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Brekkie Boy

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Posts posted by Brekkie Boy

  1. Thanks for all your updates Durban - I for one enjoy reading them and find the media/broadcast side of the games just as interesting as anything else.

    Foxtel have announced today their games package (of 8 HD channels) will be available free to current sports subscribers. They'll announce fees for other customers plus full broadcast details on April 18th.

    Here is what Foxtel offered for Vancouver: http://www.pushbutton.tv/work/winter-olympics-itv-app/

    Have never been able to find even just screencaps of the service for the Delhi 2010 Commonwealth Games, but I know they offered six channels. It'll be interesting to see how interactive TV develops worldwide for London 2012 - it does seem to have somewhat stalled in many places in favour of broadband streaming, which for me is a shame as I'd much rather watch events in front of the TV rather than sat at a computer.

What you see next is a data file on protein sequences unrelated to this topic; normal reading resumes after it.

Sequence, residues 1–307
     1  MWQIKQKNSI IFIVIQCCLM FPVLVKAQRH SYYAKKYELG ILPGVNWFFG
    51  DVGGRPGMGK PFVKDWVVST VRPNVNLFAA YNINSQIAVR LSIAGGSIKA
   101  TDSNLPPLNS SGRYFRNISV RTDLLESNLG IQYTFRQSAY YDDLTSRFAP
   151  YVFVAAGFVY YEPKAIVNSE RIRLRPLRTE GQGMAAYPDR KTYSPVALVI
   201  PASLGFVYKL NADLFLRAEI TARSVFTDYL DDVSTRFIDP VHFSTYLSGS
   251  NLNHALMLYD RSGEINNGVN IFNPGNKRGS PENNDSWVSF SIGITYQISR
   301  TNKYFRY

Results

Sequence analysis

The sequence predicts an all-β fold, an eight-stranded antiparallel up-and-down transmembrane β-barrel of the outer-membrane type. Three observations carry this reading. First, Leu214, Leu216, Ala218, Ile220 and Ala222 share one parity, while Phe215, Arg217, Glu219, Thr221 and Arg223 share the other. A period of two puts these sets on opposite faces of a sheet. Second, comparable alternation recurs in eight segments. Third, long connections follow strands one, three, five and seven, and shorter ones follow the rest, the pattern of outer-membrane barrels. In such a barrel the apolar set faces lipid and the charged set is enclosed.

2. C4 revealed their paralympic team last week with a mixture of established broadcasters and new talent found through it's search for disabled presenters.

    Claire Balding heads up the team having fronted the BBC coverage since Sydney and remaining a part of the BBC Olympic team, while C4 News anchor John Snow will front the ceremonies. Jonathan Edwards will also be switching from the BBC to C4 for the Paralympics, while Rick Edwards - host of C4's Paralympic Show and their main athletics presenter (after the disaster of Ortis Deely) also features alongside Ade Adepitan. Sky Sports News veterans Kelly Cates and Georgie Bingham also feature, while Aussie comedian Adam Hills, who worked for ABC during the 2008 games, will be part of the nightly highlights shows.

    The new faces amongst the line up include DarĂ¡ine Mulvihill and Arthur Williams in the studio and Rachael Latham, Jordan Jarrett-Bryan, Martin Dougan, Liam Holt and Alex Brooker on location.